While the main focus of the states’ regular legislative sessions has been responses to federal tax reform, many states are using the session as an opportunity to do a bit of spring cleaning in other areas as well. Several states have recently passed bills affecting apportionment for specific industries, including special formulas and special sourcing rules.
Oregon Extends Interstate Broadcaster Sourcing Rules
In Oregon, Gov. Kate Brown (D) signed H.B. 1523, which extends the domicile-based sourcing rules for interstate broadcasters through tax year 2018. Since 2014, interstate broadcasters have been required to source receipts based on the ratio that the broadcaster’s customers in Oregon bears to the broadcaster’s customers everywhere.
As the Oregon legislature explained in its research report prior to enacting H.B. 1523, despite enacting the domicile sourcing rules at the behest of the broadcasting industry, Oregon is involved in extended litigation over the very definition of “broadcaster.” By extending the current sourcing method and definitions, the legislature will have more time to evaluate the economic impact of the move from the audience method to the domicile method and, potentially, allow for the resolution of current litigation.
Tennessee Election for Financial Management Partnerships
In Tennessee, Gov. Bill Haslam (R) signed S.B. 2256 on April 9, 2018, providing a new apportionment option for financial asset management companies, beginning Jan. 1, 2018. Under the new bill, a publicly traded partnership that derives at least 90 percent of its gross receipts from management of financial assets (not including real estate investment trusts) may elect to apportion income using a single-sales factor formula. Net worth is multiplied by a fraction, with the total receipts in Tennessee as the numerator, and the denominator being total receipts everywhere.
Virginia Single-Sales Factor Apportionment for Debt Buyers and Apportionment Incentives for Economic Investment
Virginia taxpayers get double the fun, with Gov. Ralph Northam (D) signing both H.B. 798 and H.B. 222 on April 9, 2018. The first bill requires debt buyers to use a single-sales factor apportionment formula for taxable years beginning on and after Jan. 1, 2019, and provides that sales are sourced to Virginia if money is collected on a debt from an individual who is a Virginia resident or an entity whose commercial domicile is in Virginia.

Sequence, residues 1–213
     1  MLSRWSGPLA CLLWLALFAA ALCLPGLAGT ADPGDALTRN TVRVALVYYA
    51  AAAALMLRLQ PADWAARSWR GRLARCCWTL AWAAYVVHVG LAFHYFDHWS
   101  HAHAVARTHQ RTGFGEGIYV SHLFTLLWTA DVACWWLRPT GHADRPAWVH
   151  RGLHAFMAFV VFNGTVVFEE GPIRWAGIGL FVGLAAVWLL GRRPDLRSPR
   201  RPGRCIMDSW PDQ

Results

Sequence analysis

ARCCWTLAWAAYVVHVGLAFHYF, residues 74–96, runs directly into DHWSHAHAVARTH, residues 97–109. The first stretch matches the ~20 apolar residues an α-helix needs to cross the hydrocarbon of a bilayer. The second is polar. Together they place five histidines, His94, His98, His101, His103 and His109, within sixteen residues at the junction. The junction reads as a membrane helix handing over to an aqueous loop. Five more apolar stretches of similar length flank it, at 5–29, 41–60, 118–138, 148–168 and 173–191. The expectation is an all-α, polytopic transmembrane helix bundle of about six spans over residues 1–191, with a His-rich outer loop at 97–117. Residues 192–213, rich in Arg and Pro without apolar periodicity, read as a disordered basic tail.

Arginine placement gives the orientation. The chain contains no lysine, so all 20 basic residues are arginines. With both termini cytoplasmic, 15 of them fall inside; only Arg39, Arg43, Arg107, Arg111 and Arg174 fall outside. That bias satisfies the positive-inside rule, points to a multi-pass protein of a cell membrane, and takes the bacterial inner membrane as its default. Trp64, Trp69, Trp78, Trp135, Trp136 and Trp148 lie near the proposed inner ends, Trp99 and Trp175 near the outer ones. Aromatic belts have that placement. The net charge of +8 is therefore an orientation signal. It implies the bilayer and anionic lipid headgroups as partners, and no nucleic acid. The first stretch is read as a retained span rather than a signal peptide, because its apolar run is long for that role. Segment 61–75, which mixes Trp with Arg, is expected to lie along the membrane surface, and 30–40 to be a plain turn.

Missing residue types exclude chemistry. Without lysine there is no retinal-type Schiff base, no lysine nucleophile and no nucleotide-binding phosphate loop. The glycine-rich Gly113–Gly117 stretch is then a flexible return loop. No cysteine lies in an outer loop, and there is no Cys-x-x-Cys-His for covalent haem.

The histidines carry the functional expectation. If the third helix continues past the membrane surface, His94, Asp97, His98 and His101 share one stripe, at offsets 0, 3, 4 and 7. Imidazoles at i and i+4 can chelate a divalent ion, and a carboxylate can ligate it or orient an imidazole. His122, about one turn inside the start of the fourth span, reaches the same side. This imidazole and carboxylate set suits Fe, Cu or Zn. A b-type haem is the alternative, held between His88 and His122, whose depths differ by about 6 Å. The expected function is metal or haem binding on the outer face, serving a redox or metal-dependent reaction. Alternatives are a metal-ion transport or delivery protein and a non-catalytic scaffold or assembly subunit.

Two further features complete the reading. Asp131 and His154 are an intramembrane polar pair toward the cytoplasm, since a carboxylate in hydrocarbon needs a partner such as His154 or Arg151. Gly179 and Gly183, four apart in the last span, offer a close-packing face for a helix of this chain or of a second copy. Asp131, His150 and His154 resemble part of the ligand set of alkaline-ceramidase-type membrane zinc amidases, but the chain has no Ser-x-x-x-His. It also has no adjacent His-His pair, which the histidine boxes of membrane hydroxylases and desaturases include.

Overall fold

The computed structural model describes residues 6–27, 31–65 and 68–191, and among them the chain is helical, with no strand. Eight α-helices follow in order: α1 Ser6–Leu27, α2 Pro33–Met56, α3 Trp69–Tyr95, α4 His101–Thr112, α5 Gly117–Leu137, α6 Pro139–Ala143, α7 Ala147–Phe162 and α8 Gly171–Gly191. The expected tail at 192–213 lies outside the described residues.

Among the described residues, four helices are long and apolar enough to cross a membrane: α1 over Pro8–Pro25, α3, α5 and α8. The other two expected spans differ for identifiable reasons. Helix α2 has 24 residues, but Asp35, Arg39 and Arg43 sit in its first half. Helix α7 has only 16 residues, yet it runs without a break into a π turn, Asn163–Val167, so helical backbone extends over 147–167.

In an effort to encourage out-of-state businesses to open up shop in Virginia, the second bill provides a subtraction from the numerator of the apportionment formula for any taxpayer who is an “eligible company” under the bill. An eligible company is any traded-sector corporation or pass-through entity that does not have property or payroll in Virginia as of Jan. 1, 2018, is certified as generating a positive monetary effect by the Virginia Economic Development Partnership Authority, and either: (1) spends $5 million or more on new capital investment in qualified localities, creating at least 10 new jobs in those localities, or (2) creates 50 or more new jobs in qualified localities.
The subtraction modification allows eligible companies to deduct from the numerator the value of: (1) property acquired in a qualified locality on or after Jan. 1, 2018, but before Jan. 1, 2025; (2) payroll from jobs created in any qualified locality on or after Jan. 1, 2018, but before Jan. 1, 2025; and (3) sales made in Virginia during the taxable year.
In the midst of the flurry of activity surrounding states’ attempts to address the impact of federal tax reform, it’s easy for smaller bills to slip through the cracks in a taxpayer’s mind. Taxpayers and tax practitioners should be mindful of other changes that may come about from this year’s regular legislative sessions, as states continuously look for ways to generate revenue and provide attractive incentives to out-of-state businesses.
Continue the discussion on Bloomberg BNA’s State Tax Group on LinkedIn: What changes are coming out of your state’s 2018 regular legislative session outside of responses to federal tax reform?
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